Music Box Films 91 minutes Documentary/ Biography
Norman Lear is the man who transformed TV forever starting in the 1970’s with edgy sitcoms that dealt with everything from bigotry, war and politics, to abortion and more. And he’s still working at the age of 94 on a Latino version of One Day at a Time. He’s also still a screaming liberal, even weighed in on politics when we saw him live in Chicago in May saying “Trump is the middle finger of the American right hand.”
Lear was at the Music Box Theatre where he and Directors Heidi Ewing and Rachel Grady (Jesus Camp, Freakonomics) introduced this documentary on his life and vast body of work. It is now playing at the Music Box Theatre in Chicago. The film is a little slow going in the beginning, using a little boy version of Lear as a segue between portions of his life. But the story of his childhood, service in the military, how he got into show business, creations and collaborations and his marriages include fascinating details. (Link to the Q & A feature we shot when Lear was in Chicago in July.)
Ewing and Grady told us at the screening that they were concerned that Lear, being a producer, would want a certain amount of control when they made the documentary, but that wasn’t the case. They said that because he understands artistry, he gave them a lot of freedom and he told the crowd who came to see the film and him that he loved the film.
He had a rough childhood in New York City. His father went to jail for selling fake bonds during The Depression and his Mother checked out, handing him over to uncles to raise him at the age of 9. He worked at Coney Island growing up to make money and that’s where he got a different kind of education. He left college to become a radio/gunner during World War II.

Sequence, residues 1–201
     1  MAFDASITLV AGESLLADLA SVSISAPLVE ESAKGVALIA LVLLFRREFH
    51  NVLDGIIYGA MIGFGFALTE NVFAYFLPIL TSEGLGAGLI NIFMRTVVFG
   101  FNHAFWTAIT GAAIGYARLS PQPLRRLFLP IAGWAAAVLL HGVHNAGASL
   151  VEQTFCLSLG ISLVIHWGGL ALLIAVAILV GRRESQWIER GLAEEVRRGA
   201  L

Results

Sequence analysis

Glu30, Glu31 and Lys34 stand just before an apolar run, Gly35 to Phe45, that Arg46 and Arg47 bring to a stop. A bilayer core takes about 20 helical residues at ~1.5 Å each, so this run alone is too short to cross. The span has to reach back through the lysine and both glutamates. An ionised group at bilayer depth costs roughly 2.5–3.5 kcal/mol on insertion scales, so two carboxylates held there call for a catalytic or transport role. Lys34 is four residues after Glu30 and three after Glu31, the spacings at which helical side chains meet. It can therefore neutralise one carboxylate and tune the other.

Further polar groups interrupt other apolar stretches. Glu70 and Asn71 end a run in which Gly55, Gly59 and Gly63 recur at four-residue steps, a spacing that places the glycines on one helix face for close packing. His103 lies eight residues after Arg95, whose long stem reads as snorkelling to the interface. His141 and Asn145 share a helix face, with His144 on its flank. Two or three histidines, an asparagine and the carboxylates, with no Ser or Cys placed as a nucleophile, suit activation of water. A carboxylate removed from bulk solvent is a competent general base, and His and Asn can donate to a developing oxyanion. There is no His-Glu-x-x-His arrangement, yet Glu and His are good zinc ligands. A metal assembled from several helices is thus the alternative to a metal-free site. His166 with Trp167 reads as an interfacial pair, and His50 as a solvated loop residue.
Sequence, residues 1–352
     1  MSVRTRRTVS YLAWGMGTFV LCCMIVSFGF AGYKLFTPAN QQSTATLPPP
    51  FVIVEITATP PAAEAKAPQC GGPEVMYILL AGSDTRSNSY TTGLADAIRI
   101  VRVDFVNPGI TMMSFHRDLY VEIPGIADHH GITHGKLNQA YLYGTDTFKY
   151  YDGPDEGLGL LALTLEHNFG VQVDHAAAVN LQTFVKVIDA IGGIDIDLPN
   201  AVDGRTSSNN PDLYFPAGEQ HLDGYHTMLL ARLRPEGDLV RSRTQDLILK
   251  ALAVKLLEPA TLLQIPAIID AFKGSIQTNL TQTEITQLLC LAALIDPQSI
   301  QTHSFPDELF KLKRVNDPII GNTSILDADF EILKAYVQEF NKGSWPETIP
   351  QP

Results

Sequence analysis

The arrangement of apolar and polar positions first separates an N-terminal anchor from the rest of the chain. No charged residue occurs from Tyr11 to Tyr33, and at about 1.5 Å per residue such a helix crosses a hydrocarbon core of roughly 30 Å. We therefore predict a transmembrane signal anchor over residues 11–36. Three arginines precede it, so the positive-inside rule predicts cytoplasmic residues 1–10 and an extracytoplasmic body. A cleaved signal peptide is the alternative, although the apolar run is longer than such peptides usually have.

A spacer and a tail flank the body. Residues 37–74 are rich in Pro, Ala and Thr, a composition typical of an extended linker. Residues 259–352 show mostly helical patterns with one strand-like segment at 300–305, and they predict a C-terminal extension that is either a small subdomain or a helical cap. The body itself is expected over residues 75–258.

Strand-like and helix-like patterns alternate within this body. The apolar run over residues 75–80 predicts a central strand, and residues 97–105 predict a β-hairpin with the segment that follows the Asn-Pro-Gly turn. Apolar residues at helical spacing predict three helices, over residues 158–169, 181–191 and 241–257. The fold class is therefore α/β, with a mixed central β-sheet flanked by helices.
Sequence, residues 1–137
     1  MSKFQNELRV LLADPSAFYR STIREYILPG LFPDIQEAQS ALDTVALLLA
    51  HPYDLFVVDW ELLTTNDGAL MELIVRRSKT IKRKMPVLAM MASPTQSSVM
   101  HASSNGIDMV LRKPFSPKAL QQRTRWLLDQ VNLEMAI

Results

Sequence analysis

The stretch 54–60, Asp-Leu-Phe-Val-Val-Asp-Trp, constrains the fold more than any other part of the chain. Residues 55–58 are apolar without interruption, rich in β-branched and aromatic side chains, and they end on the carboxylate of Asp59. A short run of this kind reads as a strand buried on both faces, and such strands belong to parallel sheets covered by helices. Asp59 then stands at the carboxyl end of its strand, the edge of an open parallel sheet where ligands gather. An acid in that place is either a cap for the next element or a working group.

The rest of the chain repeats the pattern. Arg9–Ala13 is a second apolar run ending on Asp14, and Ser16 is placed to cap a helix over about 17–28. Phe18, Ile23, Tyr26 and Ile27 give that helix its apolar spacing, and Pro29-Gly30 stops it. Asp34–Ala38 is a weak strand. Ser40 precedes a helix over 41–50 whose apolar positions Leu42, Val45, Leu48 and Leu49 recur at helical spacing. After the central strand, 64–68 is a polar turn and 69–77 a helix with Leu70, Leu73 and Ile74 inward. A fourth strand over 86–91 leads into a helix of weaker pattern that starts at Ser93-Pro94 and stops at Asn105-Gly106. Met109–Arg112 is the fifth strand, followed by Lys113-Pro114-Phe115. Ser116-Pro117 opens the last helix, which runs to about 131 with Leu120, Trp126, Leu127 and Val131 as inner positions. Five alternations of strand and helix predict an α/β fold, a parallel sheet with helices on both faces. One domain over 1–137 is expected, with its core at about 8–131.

He moved his family from NYC to LA to go into Public Relations and started writing comedy bits with a cousin. He says getting $25 for a joke they wrote gave him the impetus to do more and they ended up doing just that for Dean Martin and Jerry Lewis. He says Lewis was amazing. That you could just say one word to him and he’d take off on it.
The film shows how he wanted to do a comedy show about a blue collar family which eventually turned into All in the Family. He says he knew as soon as Carroll O’Connor came in the audition, that he was the Archie Bunker he was looking for. The film shows the respect Lear had for what O’Connor brought to his character and the rest of the family in that series. He says the chemistry was a miracle and “the fate of the heavens” that brought magic to his scripts.
The film shows how he created All in the Family, Maude, One Day at a Time, and series showing Black family life for the first time on TV with The Jeffersons and Good Times. It also shows how he wrote so many, often at the same time and the price he paid taking time away from his own family. He’s had 3 marriages and 6 kids. His love stories are interesting, as are his collaborations and friendships with the likes of Mel Brooks and Carl Reiner. Even John Stewart and George Clooney talk about the respect they have for him in the film.
Is this worth your bucks? Yes, this is worth seeing for several reasons. Norman Lear is a groundbreaker who was willing to put topics out there with characters we could relate to at a time when there were sensitive issues that are still being dealt with today. He’s also a very funny guy who speaks his mind and knows how to deliver a punch line, even when it comes to his own life. Because of what he’s done with his, we’re all in Lear’s family.